NEW YORK (MainStreet) —Parents are paying much more for childcare than they did 20 years ago, according to a new report released by the U.S. Census Bureau. Over the past two decades, childcare costs have nearly doubled, the report states. American families with working moms spent on average $143 per week on childcare in 2011 compared to $84 per week in 1985.
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The increase could be due to more demand because more mothers have joined the workforce since the 1980s or simply because parents are willing to spend more on childcare, according to the study’s author, Lynda Laughlin.
“The childcare market is way more complex,” she said. “Supply and demand for childcare often varies at the local level.”
The report suggests that more families are using relatives to pitch in and help, which would likely be a cheaper alternative than daycare. About 42% of families prefer to have their kids receive care from a family member while 24% chose care from a daycare center, nursery school or babysitter.
The report also showed that fewer grade school aged children are spending time unsupervised during a typical week.
“Children with an employed single parent who spent time unsupervised dropped from 24% in 1997 to 14% in 2011,” Laughlin said.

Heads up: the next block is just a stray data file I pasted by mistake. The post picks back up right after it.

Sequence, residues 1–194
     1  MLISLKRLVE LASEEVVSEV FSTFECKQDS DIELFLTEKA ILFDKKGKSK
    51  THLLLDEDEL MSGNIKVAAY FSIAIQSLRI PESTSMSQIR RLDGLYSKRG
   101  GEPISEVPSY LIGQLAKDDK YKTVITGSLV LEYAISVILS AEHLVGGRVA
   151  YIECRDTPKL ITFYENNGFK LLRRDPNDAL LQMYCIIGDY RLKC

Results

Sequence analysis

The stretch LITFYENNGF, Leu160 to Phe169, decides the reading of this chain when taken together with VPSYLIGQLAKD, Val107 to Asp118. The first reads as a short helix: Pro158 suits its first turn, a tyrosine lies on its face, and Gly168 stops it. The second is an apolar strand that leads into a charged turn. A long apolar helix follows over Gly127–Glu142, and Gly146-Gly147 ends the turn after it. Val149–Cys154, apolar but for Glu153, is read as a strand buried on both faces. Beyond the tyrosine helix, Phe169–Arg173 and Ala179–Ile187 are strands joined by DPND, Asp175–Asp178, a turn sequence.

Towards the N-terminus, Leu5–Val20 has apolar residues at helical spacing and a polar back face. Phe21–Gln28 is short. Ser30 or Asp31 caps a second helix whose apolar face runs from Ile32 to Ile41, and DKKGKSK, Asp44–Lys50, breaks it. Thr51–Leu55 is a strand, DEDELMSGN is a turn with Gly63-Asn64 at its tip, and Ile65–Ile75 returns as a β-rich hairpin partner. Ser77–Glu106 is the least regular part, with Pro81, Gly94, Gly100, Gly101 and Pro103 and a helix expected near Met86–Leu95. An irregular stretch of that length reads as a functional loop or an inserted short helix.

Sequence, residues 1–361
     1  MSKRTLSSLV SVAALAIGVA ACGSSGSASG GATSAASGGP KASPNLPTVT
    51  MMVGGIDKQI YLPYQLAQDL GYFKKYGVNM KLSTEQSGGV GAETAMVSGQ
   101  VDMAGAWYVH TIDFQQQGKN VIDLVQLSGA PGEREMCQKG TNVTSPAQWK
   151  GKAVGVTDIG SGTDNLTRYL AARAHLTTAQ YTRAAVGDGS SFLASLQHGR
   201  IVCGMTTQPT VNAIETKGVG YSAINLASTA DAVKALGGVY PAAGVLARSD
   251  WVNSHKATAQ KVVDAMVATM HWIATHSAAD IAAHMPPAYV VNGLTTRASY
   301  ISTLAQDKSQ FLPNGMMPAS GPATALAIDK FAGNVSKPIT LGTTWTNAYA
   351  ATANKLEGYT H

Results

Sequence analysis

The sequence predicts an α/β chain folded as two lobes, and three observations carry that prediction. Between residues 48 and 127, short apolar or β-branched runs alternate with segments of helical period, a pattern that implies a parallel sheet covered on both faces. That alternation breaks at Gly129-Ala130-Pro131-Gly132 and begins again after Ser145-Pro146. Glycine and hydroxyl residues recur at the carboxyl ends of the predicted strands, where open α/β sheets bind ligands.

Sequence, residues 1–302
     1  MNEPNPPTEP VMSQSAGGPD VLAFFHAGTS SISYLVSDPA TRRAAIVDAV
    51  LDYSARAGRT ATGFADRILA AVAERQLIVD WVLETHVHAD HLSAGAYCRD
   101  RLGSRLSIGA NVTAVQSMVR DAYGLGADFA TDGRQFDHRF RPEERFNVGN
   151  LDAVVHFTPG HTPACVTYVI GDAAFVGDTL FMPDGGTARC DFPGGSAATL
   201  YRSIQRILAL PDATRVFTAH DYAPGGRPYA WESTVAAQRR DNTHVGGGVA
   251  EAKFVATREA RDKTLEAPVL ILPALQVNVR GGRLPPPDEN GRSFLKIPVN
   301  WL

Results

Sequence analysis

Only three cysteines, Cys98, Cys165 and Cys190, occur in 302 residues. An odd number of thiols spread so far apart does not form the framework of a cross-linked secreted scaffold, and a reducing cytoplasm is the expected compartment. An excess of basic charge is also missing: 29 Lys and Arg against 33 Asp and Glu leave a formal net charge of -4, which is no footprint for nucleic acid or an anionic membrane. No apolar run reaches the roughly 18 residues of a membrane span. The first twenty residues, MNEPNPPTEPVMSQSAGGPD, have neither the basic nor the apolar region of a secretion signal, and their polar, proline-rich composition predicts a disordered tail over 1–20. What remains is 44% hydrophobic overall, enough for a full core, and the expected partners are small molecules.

Laughlin believes it could be because parents are getting better work schedules and there’s been an increase in available afterschool programs.
The report also suggests that more fathers have also stepped in to watch the kids.
“If he works part-time or not at all, then he is more available,” Laughlin said. “During the recent recession we saw an increase in father provided child care or they are more likely to provide care if they worked a night shift.”
Despite the larger role family members like grandparents play in childcare, the costs still add up.
Families with children under 5, on average, paid over $9,300 a year for childcare. Although the cost is an average for the nation, Laughlin assumes the cost will keep going up.
Costs for childcare vary from state to state. In 2011, the average yearly cost of full-time childcare for a 4-year-old at a daycare ranged from about $3,900 in Mississippi to nearly $11,700 in Massachusetts, according to a 2012 report from the Child Care Aware of America.
“For most families, it’s not an option for a parent to be unemployed and stay home with the kids,” said Joya Misra, professor of sociology and public policy at the University of Massachusetts. “They have to work.”
Misra thinks a better system should be put in place that offers public childcare.
“Pre-K programs like Head Start have been incredibly effective, but extremely underfunded,” she said.
Such public childcare programs would offer not only supervision, but also educational development that would ultimately be a benefit for kids early on, Misra said.
In the meantime, parents will continue to find unique ways to provide the best care possible for their children, including working different shifts or asking relatives to pitch in.
“Everybody’s working hard to come up with the best possible solution under such difficult conditions,” Misra said.
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